Okay nothing much for this post, but I was just thinking about the RERO philosophy apparently popularized by ESR in CATB (I guess I won't need to read the 256 pages).

Anyways so I was wondering if releasing immediately is a good thing to do? Picture yourself working whole night over a cool project that you intend to release for the public. Its 6 AM, you're done with your last commit, nothing seems to be broken, yet is it the right time to release? The problem has nothing to do with any sort of technicalities, but is a psychological one and completely based on my experiences with such quick releases.

The question is, are you left with enough energy after working for 2-3 days straight to take the criticism, suggestions and comments seriously in a positive way? At least I as a lone developer of something that I put forward to the public haven't been able to harness the feedback that people gave me. I ponder over the reasons, and I'm not sure of why is that. But mostly it went something like this -
  • "Could you possibly include feature XYZ into it?"
    and I think - oh cummon, I just got over with this work and now I need a break.
  • "This stuff seems broken, I cant move X to Y."
    and I think - who said I made it for you :/
  • "It would be nice if you include ABC and XYZ also"
    and I just write a good reply to the person, add it to my non-existant list of todos in mind or Tasks in gmail and it stays there forever.

This has happened many a times, even valuable suggestions have just ended up in a todo list rather than getting implemented and the projects hardly getting touched again.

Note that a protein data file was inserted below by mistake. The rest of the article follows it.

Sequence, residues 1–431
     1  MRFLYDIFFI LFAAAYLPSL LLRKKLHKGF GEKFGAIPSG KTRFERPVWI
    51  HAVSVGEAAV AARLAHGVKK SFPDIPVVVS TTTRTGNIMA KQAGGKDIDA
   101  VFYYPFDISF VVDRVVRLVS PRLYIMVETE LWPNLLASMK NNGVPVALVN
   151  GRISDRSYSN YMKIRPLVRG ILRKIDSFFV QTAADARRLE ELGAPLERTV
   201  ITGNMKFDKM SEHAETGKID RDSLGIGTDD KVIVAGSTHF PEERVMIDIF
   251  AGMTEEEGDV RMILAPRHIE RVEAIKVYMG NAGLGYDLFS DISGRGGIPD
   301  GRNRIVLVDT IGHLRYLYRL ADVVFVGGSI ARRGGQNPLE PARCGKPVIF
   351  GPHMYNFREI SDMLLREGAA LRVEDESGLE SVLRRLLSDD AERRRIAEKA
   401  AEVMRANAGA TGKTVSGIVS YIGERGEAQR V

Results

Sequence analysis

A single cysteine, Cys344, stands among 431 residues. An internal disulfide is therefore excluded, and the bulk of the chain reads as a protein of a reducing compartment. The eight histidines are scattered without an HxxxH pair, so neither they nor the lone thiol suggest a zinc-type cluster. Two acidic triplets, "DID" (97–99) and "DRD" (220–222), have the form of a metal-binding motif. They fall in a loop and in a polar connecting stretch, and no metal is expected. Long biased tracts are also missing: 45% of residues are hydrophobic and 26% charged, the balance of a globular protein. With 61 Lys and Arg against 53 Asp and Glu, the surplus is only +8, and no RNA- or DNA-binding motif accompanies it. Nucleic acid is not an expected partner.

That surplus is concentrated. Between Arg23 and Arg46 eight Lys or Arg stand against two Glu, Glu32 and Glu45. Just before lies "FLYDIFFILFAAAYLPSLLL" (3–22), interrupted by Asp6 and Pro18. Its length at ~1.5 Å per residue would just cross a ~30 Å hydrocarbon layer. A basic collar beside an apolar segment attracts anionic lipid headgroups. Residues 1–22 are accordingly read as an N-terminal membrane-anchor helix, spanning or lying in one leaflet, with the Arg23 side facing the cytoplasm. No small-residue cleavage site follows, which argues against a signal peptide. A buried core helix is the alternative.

How do you go about it? or is it just me who keeps hopping over ideas and leaves the old ones half done. Or is it the procrastination that engulfs on dawn of winter and summer vacations.

An interesting observation over procrastination. During this end sem exams, we were given a 5 day prep leave, and LOL I completely spent the whole time writing some piece of code instead of doing maths. Same story for any intermediate breaks between exams, reading something, watching some anime, writing some code but zero preparation for any exam. And yes a hell lot of ideas cooking in your mind for coming vacations.
Surprisingly it happens, not once but many times, that when exams end - I go completely blank over things I had planned. And with "Oh come on! exams just got over!" mentality I start spending days being useless to myself and everyone else.

And even though some new work arrives, I still end up behaving as if I'm super busy with things. Hoping to get rid of this soon and maybe hack this "Not doing what I am supposed to do at this time." way of life for greater goods.


Okay the blogger WYSIWYG editor is really not good on chrome. It doesn't render <, > properly and end up putting in loads of DIVs instead of beautiful Ps as in firefox. Why can't they have a standard across two browsers for same webapp.